The Curiosity rover has discovered a metal asteroid on Mars - the first of its type ever discovered by NASA's newest rover on the planet. This massive iron meteorite has been named "Lebanon" by mission controllers.
The object is about six feet wide, and lies next to a smaller piece of the same object, dubbed "Lebanon B." The object was found to be the same luster as iron-rich meteorites previously discovered by the Spit and Opportunity rovers.
An image of the objects was composed from combining images taken by the Mast Camera (MastCam) and Curiosity's Chemistry and Camera (ChemCam) instrument.
"The component images were taken during the 640th Martian day, or sol, of Curiosity's work on Mars (May 25, 2014)," Curiosity mission controllers stated.
Sharp, angular features were seen on the metallic meteorite. Researchers believe these could have been formed through uneven erosion between crystalline and metal components of the object. Another, less likely possibility, is that the meteorite once contained olivine, a crystalline mineral occasionally found in metal-rich meteorites.
Stoney meteorites are far more common on Earth than metal-rich specimens. On Mars, that proportion is reversed. Astronomers believe iron-rich objects are better able to withstand processes of erosion on the Red Planet.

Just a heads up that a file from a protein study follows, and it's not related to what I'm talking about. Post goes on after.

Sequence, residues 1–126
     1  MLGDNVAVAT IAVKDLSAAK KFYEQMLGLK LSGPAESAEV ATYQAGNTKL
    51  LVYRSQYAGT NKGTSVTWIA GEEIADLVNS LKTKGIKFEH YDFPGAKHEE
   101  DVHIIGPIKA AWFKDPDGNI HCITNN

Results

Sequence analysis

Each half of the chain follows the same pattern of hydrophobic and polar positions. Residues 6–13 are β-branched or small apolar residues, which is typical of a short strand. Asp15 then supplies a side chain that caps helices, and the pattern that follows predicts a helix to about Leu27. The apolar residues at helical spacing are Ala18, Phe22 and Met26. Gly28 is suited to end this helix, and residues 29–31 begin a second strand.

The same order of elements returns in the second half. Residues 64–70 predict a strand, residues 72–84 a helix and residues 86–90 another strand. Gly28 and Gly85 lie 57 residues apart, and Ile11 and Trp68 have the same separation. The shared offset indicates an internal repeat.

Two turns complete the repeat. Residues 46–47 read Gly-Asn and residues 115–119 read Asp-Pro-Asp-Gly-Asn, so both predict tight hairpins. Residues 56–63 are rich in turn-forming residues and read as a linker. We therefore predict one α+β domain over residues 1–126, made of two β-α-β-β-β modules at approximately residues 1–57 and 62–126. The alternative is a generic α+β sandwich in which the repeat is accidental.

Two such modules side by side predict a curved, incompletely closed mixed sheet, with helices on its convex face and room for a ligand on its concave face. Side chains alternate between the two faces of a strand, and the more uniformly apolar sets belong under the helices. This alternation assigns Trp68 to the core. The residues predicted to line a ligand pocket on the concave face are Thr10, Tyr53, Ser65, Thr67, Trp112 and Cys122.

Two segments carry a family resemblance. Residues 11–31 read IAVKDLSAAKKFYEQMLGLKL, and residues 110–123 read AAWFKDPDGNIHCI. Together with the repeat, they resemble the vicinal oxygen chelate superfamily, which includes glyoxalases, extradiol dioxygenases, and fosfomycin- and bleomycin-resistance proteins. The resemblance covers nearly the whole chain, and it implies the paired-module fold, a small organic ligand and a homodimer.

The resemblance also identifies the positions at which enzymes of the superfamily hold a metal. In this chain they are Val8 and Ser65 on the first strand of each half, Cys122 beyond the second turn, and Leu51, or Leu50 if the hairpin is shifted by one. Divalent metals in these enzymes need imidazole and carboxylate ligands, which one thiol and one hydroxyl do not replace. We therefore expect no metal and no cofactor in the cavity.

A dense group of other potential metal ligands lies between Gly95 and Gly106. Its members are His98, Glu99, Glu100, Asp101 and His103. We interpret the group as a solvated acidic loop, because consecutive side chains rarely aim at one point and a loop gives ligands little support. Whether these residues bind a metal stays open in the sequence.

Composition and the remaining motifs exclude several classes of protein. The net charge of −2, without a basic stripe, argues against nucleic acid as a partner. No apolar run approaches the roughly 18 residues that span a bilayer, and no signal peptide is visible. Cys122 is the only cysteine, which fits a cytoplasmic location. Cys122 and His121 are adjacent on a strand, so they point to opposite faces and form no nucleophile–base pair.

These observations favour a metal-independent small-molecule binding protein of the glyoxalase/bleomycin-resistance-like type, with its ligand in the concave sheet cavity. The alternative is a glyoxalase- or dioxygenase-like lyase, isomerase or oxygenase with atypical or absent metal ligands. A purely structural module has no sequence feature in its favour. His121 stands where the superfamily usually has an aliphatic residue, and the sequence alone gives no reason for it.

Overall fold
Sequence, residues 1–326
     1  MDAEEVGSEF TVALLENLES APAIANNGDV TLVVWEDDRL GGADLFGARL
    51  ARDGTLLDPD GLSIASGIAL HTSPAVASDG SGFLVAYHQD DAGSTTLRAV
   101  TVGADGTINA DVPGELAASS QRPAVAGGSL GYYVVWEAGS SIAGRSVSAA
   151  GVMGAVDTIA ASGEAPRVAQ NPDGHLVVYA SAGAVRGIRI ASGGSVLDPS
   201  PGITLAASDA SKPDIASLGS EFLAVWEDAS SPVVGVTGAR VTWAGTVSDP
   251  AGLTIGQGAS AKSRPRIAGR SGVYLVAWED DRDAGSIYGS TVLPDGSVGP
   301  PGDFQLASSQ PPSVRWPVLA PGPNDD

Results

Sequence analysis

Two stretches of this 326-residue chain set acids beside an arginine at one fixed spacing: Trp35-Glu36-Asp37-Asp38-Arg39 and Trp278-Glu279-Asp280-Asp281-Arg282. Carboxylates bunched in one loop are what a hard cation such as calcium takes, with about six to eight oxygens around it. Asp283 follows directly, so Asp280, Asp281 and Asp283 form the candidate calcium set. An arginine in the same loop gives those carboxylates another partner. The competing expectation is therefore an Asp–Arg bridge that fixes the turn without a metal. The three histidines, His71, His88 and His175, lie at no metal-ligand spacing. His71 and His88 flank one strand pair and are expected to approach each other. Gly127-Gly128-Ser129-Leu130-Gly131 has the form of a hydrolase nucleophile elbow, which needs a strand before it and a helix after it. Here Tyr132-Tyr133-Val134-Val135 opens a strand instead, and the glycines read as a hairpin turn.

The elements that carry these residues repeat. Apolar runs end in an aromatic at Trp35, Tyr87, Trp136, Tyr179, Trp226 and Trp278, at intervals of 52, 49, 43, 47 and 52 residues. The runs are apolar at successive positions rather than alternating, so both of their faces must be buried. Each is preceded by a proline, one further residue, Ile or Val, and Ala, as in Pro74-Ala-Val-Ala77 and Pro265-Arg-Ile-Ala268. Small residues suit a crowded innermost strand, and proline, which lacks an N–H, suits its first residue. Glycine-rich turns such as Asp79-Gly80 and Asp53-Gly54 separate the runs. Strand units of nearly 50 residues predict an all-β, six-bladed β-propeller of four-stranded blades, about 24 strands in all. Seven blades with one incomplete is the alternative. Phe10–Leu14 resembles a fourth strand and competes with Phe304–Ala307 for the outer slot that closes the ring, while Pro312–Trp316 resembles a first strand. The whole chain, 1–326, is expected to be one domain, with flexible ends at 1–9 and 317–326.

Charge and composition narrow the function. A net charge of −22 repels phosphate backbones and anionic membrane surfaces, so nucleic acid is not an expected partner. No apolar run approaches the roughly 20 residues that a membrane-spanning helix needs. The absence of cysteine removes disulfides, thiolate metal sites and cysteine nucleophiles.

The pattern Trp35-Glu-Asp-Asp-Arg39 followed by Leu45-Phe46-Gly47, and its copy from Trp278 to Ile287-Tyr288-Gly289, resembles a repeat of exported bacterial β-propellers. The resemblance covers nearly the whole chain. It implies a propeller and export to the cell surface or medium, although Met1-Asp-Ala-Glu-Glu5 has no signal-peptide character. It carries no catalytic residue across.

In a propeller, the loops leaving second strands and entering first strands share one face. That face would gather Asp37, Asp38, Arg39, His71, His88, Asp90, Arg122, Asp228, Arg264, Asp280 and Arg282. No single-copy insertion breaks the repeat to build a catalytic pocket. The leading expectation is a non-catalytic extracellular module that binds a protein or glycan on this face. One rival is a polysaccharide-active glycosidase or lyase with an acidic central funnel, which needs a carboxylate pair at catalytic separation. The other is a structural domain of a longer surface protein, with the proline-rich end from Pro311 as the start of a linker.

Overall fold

Curiosity is examining rocks and crust on Mars, attempting to find areas which may have once been able to support life. Astronomers hope that better understanding of past climatic conditions on the planet will help answer the question of whether or not life ever developed on the Red Planet.
Curiosity was launched from Cape Canaveral on 26 November 2011. The vehicle safely touched down in Gale Crater on 6 August 2012. The craft was designed as a test of technologies for the upcoming Mars 2020 rover mission.
Pallasites, or meteorites containing the mineral olive, are one of the most beautiful - and collectable - types of space rocks. Some of the yellow-green material encased in a nickel-iron structure can be the same quality as commercially-available peridot.
Laser aboard the Curiosity rover is used to determine the chemical makeup of rocks. This instrument has been put into operation thousands of times since the rover landed on Mars two years ago. For the first time, NASA has released an image of the laser in actions, flashing light on a rock about the size of a baseball.
"This is so exciting! The ChemCam laser has fired more than 150,000 times on Mars, but this is the first time we see the plasma plume that is created," Sylvestre Maurice, ChemCam Deputy Principal Investigator, said.